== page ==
Using two-color IHC, we showed that CD20+ TIL are often found in close proximity to CD8+ TIL (Fig. 6A–D). Moreover, the presence of both CD20+ and CD8+ TIL was associated with markedly prolonged patient survival compared with CD8+ TIL alone (Fig. 6E). These findings suggest that CD20+ TIL may promote cytolytic antitumor responses. In theory, this could occur through multiple mechanisms. First, CD20+ TIL could help recruit and retain T cells at the tumor site, facilitating the formation of the lymphoid aggregates we observed (Fig. 6A–D). Indeed, in autoimmunity, allograft rejection, and chronic infection, B cells are central to the formation of so-called tertiary lymphoid structures in affected tissues (28, 49). For example, in a xenograft model of rheumatoid arthritis, depletion of B cells with anti-CD20 antibody led to decreased T-cell activation and infiltration (27). Conversely, depletion of T cells led to disruption of tertiary lymphoid structures and loss of immunoglobulin production by infiltrating B cells (50). Thus, during prolonged immune responses, B cells and T cells can engage in cooperative interactions to maintain a strong presence at the affected site.
Second, CD20+ TIL could serve as APC in the tumor environment. It is well documented that B cells can present antigens to T cells, including cross-presentation to CD8+ T cells (51–53). B cells have been shown to serve as APC under a wide variety of physiologic conditions, including autoimmunity and allograft rejection. For example, B cells serve as APC to induce T-cell responses in nonobese diabetic mice (26). Similarly, B cells from multiple sclerosis patients have been shown to present myelin basic protein to CD4+ T cells in vitro (43). Thus, B cells have the capacity to function as APC in multiple autoimmune disorders and may function similarly in antitumor responses. In support of this notion, we found that CD20+ TIL express MHC class I and II, as well as the costimulatory molecules CD80 and CD86. Although speculative, the presence of professional APC in the tumor environment may allow for sustained T-cell responses, for example, by providing supportive niches for memory T-cell proliferation. Notably, CD20+ TIL are far more numerous than immature or mature dendritic cells (as defined by CD1a or CD208 expression, respectively) in immune infiltrates in HGSC (6). Moreover, compared with dendritic cells, B cells have the advantage that B-cell receptor–mediated endocytosis facilitates concentration of small quantities of specific antigens, which may allow the amplification of responses to tumor antigens expressed at low levels. To definitively show that CD20+ TIL serve as APC in the tumor environment, it will be necessary to identify their cognate antigens and assess recognition by CD4+ and CD8+ TIL.
Our findings have implications for the immunotherapy of cancer. Most cancer vaccines are modeled on acute viral infections, which are characterized by large yet transient T-cell responses. By contrast, in autoimmunity or allograft rejection, T-cell responses are sustained over many months or years and involve cooperative interactions with colocalized B cells. Thus, it may be possible to generate more potent, sustained T-cell responses in the tumor environment by promoting the infiltration of tumor-reactive B cells. In support of this idea, adoptive transfer of activated B cells has been shown to induce tumor-specific T-cell immunity in murine models (54). Thus, improved understanding of the functional phenotype of CD20+ TIL, their target antigens, and their mechanism of recruitment to target tissues may facilitate the design of more effective immunotherapies for the treatment of cancer.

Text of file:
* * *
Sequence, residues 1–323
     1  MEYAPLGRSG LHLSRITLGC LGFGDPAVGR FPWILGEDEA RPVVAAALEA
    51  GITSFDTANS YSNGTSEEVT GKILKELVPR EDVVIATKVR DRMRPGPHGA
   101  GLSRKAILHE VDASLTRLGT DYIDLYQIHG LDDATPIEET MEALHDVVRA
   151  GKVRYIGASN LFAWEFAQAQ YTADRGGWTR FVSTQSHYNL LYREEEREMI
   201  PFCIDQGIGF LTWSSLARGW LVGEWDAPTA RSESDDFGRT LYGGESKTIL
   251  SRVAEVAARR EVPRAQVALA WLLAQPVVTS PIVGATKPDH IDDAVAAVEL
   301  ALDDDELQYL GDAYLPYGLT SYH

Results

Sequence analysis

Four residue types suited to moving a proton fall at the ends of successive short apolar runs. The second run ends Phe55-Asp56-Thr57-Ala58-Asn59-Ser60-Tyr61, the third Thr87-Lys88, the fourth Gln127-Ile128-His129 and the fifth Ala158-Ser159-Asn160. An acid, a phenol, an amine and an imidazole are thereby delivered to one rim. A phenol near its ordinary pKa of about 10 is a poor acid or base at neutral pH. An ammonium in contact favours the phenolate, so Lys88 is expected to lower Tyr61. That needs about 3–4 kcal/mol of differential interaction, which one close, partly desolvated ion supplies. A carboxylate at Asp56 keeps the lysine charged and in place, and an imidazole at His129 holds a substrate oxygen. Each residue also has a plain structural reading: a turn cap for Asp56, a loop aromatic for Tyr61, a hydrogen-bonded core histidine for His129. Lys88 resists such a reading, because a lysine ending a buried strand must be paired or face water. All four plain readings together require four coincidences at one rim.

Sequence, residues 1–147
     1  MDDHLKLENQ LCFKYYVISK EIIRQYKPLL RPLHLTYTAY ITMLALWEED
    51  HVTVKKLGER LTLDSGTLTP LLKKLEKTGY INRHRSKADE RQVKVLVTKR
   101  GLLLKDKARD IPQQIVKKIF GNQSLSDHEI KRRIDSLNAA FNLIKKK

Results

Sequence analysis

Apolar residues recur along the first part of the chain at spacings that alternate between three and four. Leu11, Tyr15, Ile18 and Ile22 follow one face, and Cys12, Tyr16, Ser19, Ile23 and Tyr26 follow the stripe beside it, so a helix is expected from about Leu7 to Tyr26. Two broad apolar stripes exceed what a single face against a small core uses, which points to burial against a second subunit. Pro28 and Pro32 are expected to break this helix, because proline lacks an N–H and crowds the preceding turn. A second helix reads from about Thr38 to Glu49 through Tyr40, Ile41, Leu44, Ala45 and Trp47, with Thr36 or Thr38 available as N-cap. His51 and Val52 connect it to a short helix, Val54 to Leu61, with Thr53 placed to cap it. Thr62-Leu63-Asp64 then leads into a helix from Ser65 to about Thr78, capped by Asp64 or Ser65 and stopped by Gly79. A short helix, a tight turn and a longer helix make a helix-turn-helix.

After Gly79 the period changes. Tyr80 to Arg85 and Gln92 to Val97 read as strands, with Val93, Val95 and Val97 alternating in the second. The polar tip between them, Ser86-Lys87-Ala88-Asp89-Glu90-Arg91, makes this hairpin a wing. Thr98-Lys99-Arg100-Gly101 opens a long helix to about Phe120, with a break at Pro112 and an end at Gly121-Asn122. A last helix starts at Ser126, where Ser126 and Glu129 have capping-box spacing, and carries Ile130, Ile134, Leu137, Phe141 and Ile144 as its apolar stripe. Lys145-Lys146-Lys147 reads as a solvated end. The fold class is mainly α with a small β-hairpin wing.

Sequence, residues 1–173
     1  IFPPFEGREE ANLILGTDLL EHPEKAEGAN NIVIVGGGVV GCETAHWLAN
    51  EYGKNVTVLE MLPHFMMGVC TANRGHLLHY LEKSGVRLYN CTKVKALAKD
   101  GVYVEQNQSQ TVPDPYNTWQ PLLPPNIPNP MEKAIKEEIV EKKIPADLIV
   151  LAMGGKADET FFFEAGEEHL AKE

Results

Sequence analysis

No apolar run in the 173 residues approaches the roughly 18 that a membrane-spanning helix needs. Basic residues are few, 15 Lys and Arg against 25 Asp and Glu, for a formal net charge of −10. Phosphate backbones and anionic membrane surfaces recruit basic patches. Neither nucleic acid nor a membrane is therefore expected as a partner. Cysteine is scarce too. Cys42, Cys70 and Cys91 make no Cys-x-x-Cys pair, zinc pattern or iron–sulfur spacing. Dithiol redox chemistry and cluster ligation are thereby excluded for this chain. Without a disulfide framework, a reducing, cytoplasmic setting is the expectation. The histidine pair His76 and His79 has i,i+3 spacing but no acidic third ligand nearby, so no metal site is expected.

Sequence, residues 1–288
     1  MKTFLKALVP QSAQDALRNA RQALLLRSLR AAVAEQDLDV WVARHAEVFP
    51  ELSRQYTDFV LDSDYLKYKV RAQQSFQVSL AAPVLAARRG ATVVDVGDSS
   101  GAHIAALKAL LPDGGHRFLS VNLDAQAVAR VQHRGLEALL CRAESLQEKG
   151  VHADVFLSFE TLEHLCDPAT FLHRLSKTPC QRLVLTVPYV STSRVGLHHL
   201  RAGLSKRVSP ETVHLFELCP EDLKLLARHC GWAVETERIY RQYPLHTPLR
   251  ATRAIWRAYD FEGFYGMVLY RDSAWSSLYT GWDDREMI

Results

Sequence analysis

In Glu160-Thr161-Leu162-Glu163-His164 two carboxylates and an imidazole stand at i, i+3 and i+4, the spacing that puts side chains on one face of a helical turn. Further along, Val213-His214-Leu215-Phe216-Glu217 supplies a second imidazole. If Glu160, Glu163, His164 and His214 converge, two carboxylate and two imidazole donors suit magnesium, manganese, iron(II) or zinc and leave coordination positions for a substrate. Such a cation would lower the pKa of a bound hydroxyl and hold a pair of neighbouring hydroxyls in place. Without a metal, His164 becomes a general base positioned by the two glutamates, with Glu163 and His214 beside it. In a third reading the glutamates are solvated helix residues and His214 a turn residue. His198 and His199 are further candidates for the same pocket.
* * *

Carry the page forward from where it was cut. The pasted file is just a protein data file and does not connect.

Disclosure of Potential Conflicts of Interest
No potential conflicts of interest were disclosed.
Conception and design: J.S. Nielsen, N.J. Nesslinger, B.H. Nelson
Development of methodology: J.S. Nielsen, K. Milne, N.J. Nesslinger
Acquisition of data (provided animals, acquired and managed patients, provided facilities, etc.): J.S. Nielsen, R.A. Sahota, K. Milne, S.E. Kost, N.J. Nesslinger, P.H. Watson
Analysis and interpretation of data (e.g., statistical analysis, biostatistics, computational analysis): J.S. Nielsen, R.A. Sahota, K. Milne, P.H. Watson, B.H. Nelson
Writing, review, and/or revision of the manuscript: J.S. Nielsen, R.A. Sahota, K. Milne, S.E. Kost, N.J. Nesslinger, P.H. Watson, B.H. Nelson
Administrative, technical, or material support (i.e., reporting or organizing data, constructing databases): J.S. Nielsen, R.A. Sahota
Study supervision: J.S. Nielsen, B.H. Nelson
The authors thank the patients and healthy controls who provided specimens for our research as well as Alvin Ng, Jill Brandon, Adam Girardin, Kristy Dillon, and Winnie Sun for technical assistance.
This study was supported by the BC Cancer Agency Tumour Tissue Repository, Victoria, BC, a member of the Canadian Tumor Repository Network, U. S. Department of Defense grant #00486221, the BC Cancer Foundation, and a fellowship from the Canadian Institutes of Health Research (J.S. Nielsen).
The costs of publication of this article were defrayed in part by the payment of page charges. This article must therefore be hereby marked advertisement in accordance with 18 U.S.C. Section 1734 solely to indicate this fact.